When he was brought to Bethesda from the streets of Bombay in 1973, Malekar spoke no English at all. He was paid virtually nothing by his new employers, Mohan and Lalita Khambadkone, though his life was more comfortable than it had been in India.
Then, just over four years ago, he killed Mrs. Khambadkone. The circumstances of her death are still unclear because Malekar was the only witness and the language barrier posed by his Marathi dialect was difficult to overcome. The cause of Lalita Khambadkone's death, however was listed as strangulation.
In prison Malekar began rebuilding his life. He was soon allowed on work release and home release programs and won the friendship of many people he met in the Hagerstown area, including Rosie Wolff, who he hopes to marry. These friends claim he is totally rehabilitated, that that they will sponsor him, give him a job, and they have fought hard to keep him here.
The law in Malekar's case, however, is "flat," in the words of Judge Thomsen. It states flatly that any alien in the United States will be deported if convicted of a felony here.
The order for his deportation dates back to Nov. 6, 1975. At the time Malekar's legal aid attorney waived his appeal of the order.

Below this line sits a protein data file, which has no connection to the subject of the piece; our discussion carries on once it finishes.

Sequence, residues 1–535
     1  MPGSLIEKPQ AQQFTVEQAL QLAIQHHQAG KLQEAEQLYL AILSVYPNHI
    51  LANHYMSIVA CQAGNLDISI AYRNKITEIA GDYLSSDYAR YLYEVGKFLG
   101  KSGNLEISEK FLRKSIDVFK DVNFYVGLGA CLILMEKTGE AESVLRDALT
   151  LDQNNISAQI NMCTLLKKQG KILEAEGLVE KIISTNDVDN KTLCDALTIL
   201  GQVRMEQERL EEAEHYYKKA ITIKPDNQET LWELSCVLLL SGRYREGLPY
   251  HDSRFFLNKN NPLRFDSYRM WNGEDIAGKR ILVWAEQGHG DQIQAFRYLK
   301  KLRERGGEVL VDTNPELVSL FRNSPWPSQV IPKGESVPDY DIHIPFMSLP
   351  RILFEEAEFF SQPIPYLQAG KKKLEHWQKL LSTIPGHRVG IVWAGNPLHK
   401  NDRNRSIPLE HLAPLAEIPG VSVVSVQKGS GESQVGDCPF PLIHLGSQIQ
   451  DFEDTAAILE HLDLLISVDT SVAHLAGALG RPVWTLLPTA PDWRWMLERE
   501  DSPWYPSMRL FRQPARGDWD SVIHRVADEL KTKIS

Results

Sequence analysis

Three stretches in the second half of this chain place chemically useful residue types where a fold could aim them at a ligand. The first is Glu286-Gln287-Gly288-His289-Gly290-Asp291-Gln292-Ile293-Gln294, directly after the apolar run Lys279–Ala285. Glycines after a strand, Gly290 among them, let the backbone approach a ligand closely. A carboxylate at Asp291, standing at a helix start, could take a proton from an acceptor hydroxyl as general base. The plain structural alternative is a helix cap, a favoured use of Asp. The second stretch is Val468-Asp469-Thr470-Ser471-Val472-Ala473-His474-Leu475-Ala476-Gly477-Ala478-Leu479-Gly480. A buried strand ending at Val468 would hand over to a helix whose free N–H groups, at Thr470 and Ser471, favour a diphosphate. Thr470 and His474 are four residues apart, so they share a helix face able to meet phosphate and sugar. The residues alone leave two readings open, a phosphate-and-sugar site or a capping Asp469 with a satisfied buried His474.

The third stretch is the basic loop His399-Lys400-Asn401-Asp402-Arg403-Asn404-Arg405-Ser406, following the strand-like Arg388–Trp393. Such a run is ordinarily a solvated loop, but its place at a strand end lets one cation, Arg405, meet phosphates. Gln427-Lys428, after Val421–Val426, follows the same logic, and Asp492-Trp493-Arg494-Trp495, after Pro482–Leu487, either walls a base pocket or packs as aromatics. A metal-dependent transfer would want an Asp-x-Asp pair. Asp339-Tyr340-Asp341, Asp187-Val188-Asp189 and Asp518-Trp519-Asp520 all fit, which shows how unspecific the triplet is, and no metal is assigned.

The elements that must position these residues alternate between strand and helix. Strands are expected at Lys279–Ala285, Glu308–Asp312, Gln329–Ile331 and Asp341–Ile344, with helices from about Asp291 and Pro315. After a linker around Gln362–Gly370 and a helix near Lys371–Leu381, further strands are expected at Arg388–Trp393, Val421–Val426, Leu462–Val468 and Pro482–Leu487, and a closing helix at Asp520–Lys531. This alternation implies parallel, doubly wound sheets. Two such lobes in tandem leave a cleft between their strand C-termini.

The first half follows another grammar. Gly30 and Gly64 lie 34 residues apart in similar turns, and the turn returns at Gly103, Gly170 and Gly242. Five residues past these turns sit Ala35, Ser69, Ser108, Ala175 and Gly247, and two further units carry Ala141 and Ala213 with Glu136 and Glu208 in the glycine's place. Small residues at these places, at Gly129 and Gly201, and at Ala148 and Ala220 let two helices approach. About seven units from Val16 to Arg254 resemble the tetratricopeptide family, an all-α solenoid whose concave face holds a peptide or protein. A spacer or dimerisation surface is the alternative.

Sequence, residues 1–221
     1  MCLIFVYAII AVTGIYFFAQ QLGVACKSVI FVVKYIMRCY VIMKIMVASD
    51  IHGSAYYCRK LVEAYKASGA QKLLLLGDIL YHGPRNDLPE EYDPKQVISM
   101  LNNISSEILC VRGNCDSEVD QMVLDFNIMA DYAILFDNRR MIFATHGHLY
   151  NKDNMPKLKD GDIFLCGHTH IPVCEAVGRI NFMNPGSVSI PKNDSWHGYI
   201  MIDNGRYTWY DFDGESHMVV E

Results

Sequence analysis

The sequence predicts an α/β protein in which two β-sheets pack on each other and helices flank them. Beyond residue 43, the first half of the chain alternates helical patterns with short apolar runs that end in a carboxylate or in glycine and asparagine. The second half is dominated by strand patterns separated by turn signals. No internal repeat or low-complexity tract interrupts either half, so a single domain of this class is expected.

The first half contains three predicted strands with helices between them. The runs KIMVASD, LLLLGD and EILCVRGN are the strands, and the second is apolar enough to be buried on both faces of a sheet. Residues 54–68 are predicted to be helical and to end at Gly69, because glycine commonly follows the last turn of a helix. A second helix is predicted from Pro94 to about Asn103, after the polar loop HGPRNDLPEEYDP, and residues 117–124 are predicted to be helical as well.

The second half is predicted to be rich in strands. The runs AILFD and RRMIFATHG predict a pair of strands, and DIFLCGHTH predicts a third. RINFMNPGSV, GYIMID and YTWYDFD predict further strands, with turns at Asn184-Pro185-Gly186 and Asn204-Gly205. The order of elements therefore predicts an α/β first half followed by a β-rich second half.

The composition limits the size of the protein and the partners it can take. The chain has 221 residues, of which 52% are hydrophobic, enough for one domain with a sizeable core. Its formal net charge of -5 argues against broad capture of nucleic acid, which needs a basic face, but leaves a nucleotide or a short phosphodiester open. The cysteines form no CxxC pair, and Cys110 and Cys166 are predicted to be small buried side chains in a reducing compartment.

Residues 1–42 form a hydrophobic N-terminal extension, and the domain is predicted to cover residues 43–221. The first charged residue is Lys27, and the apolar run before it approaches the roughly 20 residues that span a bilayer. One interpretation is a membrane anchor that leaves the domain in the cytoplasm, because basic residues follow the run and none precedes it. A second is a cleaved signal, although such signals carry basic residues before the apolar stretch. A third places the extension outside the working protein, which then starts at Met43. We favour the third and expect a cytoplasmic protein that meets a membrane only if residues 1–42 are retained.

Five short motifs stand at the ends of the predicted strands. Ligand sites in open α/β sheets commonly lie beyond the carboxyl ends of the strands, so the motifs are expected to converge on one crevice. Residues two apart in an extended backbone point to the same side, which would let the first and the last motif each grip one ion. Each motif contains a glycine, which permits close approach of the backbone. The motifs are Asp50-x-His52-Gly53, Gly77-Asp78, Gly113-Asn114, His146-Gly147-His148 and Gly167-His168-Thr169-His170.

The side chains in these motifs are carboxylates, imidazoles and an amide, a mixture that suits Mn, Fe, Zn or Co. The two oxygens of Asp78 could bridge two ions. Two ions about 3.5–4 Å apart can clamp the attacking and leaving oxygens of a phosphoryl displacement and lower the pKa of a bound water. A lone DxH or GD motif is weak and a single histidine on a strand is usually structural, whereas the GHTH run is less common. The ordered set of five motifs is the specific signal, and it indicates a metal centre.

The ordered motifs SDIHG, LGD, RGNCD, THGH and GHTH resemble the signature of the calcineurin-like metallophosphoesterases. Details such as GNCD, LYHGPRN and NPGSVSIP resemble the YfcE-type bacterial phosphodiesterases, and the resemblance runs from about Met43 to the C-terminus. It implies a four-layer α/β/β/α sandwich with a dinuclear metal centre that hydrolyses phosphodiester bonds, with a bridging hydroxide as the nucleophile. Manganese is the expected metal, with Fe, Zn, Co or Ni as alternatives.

Malekar and his friends have hoped that this could be overruled by a "bill of relief" filed in Congress. They were in touch, over the last year, with several representatives from Maryland, and were told by at least one that the bill would be considered. By last month, however, it was clear to them that it would not be filed.
Ten days ago they approached Sen. Mathias, and he said he would consider introducing it. They showed him a petition backing Malekar and signed by 150 members of the Fountain Head Country Club, as well as numerous affidavits on his behalf.
According to a spokesman, Mathias thought Malekar would not be released to immigration authorities until Feb. 21, which would have given him time to consider all the facts and file the bill when the Senate reconvenes.
It was decided by prison officials, however, that several days would be taken off Malekar's sentence for "good behavior." As a result time seemed to have run out, and many of Malekar's friends gave up hope before yesterday's last minute ruling.
Mathias's spokesman, John W. Eddinger, says that even though the senator now has "a chance to look at the case completely and dispassionately" there is "no guarantee" that he will introduce the bill.
Malekar did not have time to think about all of this as state troopers and more immgration officials came into the airport waiting room. He seemed confused and subdued as he was hustled away into a waiting squad car for the trip to Baltimore jail.
A reporter asked him if he had any word for Rosie Wolff. A smile lit his face again. "Oh sure!" he said, disappearing down a ramp before he could finish.
But that morning, when he said goodbye to her at the Hagerstown prison, he had told her yet again that he loved her. His parting words were, "I'll be back."